Editorial | Change in direction

Editorial | Change in direction

Colleges and universities will be getting new direction on how to conduct student disciplinary proceedings.

U.S. Secretary of Education Betsy DeVos is under fire again, this time for proposing changes in how universities oversee disciplinary hearings for students accused of sexual misconduct. Critics charge — mistakenly — the modifications represent a setback for female students.

The new rules, among other things, require colleges and universities to conduct impartial investigations, share any evidence gathered by investigators with the accused and the accuser and allow both to question each other during any disciplinary hearing the universities hold. In other words, they're trying to restore some credible due process to an accusatory hearing that carries potentially serious penalties for wrongdoers.

University administrators ought to be giving thanks for the proposed guidelines — they should go a long way to limit legal liability they face under current rules that make it very difficult for an accused person to get a fair hearing.

The new rules, which have the force of law, will not take effect until after the education department completes a public comment period. Although still in the review stage, the proposed rules were leaked last week to the news media. Given the way Washington, D.C., usually operates, it seems safe to assume that opponents of the rule changes arranged for premature disclosure as a means of sabotaging the effort.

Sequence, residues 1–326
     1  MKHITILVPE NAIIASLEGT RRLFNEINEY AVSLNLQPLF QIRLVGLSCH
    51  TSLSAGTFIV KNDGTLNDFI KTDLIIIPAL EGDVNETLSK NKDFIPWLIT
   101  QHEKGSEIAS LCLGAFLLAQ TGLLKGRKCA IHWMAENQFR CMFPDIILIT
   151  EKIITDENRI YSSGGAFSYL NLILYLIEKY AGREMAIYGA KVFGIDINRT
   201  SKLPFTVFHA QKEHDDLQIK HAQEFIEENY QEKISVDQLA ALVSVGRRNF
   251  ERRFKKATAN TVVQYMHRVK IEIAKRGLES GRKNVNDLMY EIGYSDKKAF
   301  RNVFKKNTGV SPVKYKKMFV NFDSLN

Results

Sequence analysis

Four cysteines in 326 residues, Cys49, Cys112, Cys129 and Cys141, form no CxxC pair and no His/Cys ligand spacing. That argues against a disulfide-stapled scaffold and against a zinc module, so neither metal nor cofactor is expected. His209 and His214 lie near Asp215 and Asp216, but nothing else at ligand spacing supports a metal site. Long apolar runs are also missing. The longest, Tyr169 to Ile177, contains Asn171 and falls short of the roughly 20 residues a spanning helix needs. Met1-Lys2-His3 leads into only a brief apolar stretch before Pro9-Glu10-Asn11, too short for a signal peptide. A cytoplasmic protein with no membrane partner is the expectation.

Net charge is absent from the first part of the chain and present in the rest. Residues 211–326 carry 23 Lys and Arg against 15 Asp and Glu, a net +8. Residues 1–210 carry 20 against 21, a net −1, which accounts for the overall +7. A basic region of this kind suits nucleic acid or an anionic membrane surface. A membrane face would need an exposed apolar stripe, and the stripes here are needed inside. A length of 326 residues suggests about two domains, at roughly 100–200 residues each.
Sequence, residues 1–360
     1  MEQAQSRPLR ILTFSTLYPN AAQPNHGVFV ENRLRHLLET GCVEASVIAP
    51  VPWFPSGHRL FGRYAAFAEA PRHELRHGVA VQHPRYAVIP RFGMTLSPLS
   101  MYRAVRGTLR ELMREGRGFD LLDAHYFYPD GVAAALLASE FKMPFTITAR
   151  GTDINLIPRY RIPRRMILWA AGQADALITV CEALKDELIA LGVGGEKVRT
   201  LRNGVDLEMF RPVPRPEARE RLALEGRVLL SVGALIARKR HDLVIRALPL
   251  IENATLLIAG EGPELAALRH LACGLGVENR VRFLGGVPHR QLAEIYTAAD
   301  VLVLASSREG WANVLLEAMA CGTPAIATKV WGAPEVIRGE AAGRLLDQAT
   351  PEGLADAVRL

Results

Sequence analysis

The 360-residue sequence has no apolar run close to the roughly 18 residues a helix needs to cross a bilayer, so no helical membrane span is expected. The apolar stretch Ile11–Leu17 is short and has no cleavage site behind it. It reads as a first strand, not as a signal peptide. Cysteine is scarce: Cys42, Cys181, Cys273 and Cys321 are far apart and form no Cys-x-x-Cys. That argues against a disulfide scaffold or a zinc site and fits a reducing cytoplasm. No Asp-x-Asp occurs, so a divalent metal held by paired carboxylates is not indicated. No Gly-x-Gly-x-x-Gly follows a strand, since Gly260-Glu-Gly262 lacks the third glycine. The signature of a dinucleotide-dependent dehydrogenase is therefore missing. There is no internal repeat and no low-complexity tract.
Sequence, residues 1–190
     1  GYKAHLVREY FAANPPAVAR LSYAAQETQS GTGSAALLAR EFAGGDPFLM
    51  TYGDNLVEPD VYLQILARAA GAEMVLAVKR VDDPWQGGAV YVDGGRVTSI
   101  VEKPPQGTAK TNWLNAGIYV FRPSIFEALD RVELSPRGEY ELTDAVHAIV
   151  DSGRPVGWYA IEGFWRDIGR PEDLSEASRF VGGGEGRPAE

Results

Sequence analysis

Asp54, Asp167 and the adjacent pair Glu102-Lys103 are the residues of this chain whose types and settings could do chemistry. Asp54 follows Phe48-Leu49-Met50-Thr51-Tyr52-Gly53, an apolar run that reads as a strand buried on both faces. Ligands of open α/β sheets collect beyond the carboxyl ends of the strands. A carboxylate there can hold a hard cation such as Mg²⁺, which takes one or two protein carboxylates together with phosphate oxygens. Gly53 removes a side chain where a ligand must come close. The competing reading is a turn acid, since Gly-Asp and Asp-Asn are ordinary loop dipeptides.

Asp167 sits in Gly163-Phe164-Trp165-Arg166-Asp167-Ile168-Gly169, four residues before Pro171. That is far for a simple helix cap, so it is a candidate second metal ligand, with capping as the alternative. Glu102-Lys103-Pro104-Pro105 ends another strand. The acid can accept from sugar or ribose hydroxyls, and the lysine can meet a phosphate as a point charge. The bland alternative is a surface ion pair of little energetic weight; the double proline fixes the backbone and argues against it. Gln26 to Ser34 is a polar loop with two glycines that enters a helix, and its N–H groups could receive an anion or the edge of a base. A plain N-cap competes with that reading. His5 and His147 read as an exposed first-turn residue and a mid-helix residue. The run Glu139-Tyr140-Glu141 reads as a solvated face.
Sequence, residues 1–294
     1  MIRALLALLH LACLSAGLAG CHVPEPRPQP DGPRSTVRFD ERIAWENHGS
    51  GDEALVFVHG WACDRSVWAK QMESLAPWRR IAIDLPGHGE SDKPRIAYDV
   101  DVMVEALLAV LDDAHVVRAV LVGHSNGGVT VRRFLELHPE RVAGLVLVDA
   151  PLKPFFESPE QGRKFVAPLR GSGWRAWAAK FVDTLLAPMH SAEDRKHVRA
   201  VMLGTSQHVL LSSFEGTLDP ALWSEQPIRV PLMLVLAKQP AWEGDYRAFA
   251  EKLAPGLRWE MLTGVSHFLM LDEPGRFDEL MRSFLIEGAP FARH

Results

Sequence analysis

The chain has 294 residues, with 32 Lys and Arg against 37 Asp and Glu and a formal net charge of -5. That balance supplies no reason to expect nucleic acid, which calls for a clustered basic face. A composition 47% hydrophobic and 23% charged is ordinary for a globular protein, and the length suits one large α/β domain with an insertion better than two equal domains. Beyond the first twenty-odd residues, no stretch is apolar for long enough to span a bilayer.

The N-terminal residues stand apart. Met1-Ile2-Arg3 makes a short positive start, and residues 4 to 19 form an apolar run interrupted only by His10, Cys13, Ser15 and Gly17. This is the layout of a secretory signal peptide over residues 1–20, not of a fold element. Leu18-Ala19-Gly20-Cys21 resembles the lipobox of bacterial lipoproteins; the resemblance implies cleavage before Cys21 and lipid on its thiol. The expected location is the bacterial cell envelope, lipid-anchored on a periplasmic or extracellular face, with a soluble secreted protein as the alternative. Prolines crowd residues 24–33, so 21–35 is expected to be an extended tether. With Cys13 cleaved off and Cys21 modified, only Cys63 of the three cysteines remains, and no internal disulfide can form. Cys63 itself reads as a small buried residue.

That's not going to happen. DeVos is committed to bringing changes to a process desperately in need of them.

That's why she rescinded a 2011 Obama administration guidance letter that threatened colleges and universities with a loss of federal funds unless they stepped up campus measures aimed at discouraging sexual misconduct.

That's a laudatory goal. But many colleges immediately implemented measures that made a farce of the idea that an accused is entitled to anything resembling a fair hearing.

The University of Illinois is among the many violators. At least that's what U.S. Judge Colin Bruce noted recently in an opinion he wrote in a case brought by a former UI student thrown out of school for alleged sexual misconduct involving an intoxicated female student.

Bruce expressed "grave concern and serious doubt over the constitutionality of the UI's investigatory and adjudicatory process" because the accused was not afforded "a meaningful opportunity to be heard."

Bruce's concerns pretty much sum up the problem — an environment where accusation is tantamount to guilt. Too many colleges and universities take the position that affording the accused an opportunity to contest the charges against him is an unnecessarily formality in the rush to judgment.

The courts aren't going to stand for that kind of ideologically driven chicanery.

Here's another change that makes sense.

The proposed rules limit university jurisdiction to interactions involving students that take place on campus or within their own programs. No longer will off-campus incidents — essentially, allegations of criminal conduct — come under the purview of untrained investigative amateurs in way over their heads.

Institutions will be free to retrain the "preponderance of the evidence" standard or adopt a higher "clear and convincing evidence" standard. The Obama administration urged the lesser standard of preponderance of the evidence standard.

One critic suggested the new rules reflect a "tacit endorsement of making campuses a safer place to commit sexual assault."

But that's the wrong way to look at measures designed to facilitate a fair hearing for all concerned. They're designed to bring needed balance to a process meant to serve the best interests of all students.

Sections (2):Editorials, Opinion
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